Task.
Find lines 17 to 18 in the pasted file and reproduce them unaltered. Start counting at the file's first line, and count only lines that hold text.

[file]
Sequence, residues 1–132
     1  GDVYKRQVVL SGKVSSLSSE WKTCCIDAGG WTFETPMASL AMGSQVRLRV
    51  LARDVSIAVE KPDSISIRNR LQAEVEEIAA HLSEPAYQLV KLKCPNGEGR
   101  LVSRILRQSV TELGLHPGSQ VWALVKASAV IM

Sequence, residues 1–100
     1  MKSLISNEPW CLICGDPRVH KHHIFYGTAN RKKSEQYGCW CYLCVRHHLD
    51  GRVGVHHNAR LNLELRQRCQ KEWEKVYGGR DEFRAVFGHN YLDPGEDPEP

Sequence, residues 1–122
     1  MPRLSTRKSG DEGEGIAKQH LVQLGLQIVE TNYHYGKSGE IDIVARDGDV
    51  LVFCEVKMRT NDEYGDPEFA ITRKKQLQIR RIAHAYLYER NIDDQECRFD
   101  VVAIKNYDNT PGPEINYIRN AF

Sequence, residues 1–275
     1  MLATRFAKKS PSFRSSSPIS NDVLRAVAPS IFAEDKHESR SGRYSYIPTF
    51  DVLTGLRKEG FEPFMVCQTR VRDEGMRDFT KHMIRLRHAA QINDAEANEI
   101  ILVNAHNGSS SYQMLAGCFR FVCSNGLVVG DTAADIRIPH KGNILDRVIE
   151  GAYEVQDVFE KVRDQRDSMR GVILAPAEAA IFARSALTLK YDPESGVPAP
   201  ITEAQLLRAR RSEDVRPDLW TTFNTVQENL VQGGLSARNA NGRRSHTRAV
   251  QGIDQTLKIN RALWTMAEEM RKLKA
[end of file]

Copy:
   201  ITEAQLLRAR RSEDVRPDLW TTFNTVQENL VQGGLSARNA NGRRSHTRAV
   251  QGIDQTLKIN RALWTMAEEM RKLKA